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Dancing Animals

May 11, 2009

Some animals can dance to a beat, while others have no rhythm.

Transcript

BOB HIRSHON (host):

L.Miguel Bugallo Sánchez wikipedia 1280px-Psittacus_erithacus_-perching_on_tray-8d

African grey parrots can dance to a beat. (L.Miguel Bugallo Sánchez/Wikipedia)

Dancing parrots…I’m Bob Hirshon and this is Science Update.

(Circus music)

You’ve probably seen video clips of dogs, cats, or birds that look like they’re dancing to music. But can our furry and feathered friends really move to a beat? To find out, Harvard University biologist Adena Schachner and her colleagues systematically analyzed thousands of YouTube videos featuring a variety of dancing animals. They discovered an interesting trend.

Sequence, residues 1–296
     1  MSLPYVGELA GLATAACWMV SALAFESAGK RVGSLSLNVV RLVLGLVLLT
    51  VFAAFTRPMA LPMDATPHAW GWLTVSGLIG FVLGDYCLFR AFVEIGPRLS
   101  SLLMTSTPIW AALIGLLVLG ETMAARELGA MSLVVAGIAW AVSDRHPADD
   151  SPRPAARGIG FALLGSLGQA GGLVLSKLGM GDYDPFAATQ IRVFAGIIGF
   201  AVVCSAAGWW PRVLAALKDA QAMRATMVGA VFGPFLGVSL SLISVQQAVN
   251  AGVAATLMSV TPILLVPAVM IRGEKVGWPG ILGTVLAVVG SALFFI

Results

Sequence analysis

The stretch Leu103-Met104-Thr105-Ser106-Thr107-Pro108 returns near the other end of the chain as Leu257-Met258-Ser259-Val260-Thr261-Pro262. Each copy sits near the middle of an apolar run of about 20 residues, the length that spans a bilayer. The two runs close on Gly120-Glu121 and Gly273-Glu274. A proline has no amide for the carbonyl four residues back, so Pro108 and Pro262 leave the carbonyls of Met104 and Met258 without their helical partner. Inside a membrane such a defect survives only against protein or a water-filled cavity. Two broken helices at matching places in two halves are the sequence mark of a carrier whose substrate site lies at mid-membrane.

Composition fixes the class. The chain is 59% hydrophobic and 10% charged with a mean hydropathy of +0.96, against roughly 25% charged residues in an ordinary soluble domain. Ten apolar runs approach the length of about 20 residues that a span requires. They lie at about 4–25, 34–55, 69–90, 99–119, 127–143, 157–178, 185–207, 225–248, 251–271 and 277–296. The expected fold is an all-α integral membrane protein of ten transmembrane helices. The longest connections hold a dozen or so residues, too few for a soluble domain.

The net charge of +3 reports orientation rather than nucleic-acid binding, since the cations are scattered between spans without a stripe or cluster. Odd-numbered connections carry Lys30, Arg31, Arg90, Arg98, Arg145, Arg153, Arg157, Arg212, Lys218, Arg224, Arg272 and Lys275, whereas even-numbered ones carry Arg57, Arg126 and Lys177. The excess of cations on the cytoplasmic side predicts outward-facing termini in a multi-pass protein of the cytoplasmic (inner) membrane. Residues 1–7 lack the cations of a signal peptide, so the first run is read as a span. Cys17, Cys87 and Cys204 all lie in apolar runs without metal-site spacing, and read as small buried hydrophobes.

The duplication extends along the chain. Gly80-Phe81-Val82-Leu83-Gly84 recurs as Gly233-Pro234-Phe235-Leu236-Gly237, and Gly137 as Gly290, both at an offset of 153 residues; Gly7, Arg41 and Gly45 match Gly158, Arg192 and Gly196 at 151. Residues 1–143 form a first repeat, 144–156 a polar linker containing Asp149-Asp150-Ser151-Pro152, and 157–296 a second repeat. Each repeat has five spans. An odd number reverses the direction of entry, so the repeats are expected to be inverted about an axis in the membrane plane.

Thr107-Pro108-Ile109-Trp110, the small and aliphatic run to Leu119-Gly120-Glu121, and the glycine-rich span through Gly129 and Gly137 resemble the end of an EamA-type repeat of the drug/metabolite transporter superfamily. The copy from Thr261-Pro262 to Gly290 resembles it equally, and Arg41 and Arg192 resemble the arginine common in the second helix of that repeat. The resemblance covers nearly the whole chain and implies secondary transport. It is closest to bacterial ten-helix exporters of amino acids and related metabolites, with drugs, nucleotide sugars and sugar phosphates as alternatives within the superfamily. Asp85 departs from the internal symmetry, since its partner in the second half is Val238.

ADENA SCHACHNER (Harvard University):
All of the videos that looked like they were moving in synchrony with the beat were in animals that could imitate sound.

HIRSHON:
But she says non-mimics, such as dogs, showed no sign of staying on the beat. And lab studies confirmed that some parrots, which are vocal mimics, can keep time with the music. This suggests that dance in humans might have emerged as a by-product of our own mimicry skills. I’m Bob Hirshon for AAAS, the Science Society.